Depending upon the year of the Ford Ranger, the air bag control module can be located in the driver's side kick panel, center console or the passenger side kick panel. The Holmatro resource guide would of help in identifying the location.

    Some questions that I was asking myself about this extrication and vehicle:
    1. Was the electrical system shut down?
    2. Depending upon the location of the air bag control module did the manipulation of the center console lead to the deployment or did the removal of the driver's door lead to the deployment?
    3. Did the heart monitor emit electrical energy, thus causing deployment?
    4. Did this Ranger have an on/off key for the passenger side air bag? Was it on or off?
    5. Did the Ranger's supplement restraint system have the newer technology, which senses when weight is on the seats? If so, did the ems equipment on the seat have sufficient weight to make the passenger air bag "live"?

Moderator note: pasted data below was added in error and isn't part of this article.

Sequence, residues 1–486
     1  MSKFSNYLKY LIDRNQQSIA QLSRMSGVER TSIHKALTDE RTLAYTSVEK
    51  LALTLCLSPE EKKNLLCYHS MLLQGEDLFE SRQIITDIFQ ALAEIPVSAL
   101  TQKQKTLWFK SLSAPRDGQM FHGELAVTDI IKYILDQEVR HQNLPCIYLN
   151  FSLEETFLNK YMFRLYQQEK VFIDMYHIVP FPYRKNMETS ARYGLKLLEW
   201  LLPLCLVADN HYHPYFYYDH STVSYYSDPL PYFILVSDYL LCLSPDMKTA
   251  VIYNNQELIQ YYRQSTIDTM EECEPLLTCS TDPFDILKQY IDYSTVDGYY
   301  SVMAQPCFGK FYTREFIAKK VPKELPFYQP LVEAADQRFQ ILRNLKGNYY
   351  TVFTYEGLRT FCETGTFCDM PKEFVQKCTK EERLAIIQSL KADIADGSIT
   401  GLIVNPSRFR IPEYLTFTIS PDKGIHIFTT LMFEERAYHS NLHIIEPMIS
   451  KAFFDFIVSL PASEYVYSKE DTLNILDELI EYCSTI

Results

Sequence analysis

Information like this is invaluable, and I thank the friend that shared this incident with me.

    Stay safe, and remember, the day you stop learning, is the day you should retire.

  2. #2
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    Good Post....

  3. #3
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    I could be wrong but I believe the key to shut off a passenger side airbag in a truck is mandatory so I would think it would have had one.
    I wouold also believe that since teh airbag did deploy the key was in the on position.

    I don't think it would have had any sensors in the seat and even if it did the airbag should not have deployed that long after impact.

    As for the reason it deployed I don't know. If the battery had been cut the capacitor may have not bled down completly.

    If you find out anymore let us know.

    Again I could be wrong, its been known to happen.
    Proud to be IACOJ Illinois Chapter--Deemed "Crustworthy" Jan, 2003

  4. #4
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    1. Was the electrical system shut down?
    It is possible it was, but could this vehicle have a cpapcitor that holds a charge? (I'm not familiar with the vehicle...)